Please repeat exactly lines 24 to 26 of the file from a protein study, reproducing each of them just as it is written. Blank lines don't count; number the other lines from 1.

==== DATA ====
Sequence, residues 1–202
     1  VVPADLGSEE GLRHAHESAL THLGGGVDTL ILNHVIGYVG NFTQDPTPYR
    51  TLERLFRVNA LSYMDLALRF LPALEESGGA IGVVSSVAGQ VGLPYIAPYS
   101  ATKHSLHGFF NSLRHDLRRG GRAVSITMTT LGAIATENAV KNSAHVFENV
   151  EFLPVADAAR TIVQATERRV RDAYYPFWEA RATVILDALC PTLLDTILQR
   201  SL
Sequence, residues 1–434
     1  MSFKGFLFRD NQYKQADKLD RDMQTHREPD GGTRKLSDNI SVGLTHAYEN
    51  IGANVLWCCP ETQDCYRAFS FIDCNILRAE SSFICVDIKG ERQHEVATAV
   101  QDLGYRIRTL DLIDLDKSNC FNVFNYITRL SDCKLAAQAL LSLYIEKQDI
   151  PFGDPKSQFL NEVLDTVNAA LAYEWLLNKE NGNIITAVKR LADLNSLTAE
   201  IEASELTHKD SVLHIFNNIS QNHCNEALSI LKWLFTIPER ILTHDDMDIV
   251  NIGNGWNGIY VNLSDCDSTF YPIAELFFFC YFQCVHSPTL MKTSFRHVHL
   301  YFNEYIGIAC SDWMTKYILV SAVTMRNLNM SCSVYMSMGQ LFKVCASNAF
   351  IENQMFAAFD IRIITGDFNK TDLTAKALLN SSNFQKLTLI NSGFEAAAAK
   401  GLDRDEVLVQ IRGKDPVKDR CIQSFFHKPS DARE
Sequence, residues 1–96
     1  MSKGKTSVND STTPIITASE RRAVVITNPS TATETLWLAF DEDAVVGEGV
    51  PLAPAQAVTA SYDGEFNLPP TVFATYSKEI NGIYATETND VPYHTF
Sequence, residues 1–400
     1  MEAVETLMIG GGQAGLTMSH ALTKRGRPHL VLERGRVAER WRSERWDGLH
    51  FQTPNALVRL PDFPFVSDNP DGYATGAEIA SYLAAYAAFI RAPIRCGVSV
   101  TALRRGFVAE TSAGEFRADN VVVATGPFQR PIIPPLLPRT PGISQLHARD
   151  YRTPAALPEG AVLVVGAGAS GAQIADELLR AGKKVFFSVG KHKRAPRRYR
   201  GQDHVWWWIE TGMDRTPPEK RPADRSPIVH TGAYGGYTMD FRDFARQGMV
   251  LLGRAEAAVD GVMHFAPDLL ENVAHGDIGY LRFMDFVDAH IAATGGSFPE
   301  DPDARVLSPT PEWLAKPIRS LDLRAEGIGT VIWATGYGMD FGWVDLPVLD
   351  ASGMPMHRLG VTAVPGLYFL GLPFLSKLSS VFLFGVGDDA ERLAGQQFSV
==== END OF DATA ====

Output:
   151  YRTPAALPEG AVLVVGAGAS GAQIADELLR AGKKVFFSVG KHKRAPRRYR
   201  GQDHVWWWIE TGMDRTPPEK RPADRSPIVH TGAYGGYTMD FRDFARQGMV
   251  LLGRAEAAVD GVMHFAPDLL ENVAHGDIGY LRFMDFVDAH IAATGGSFPE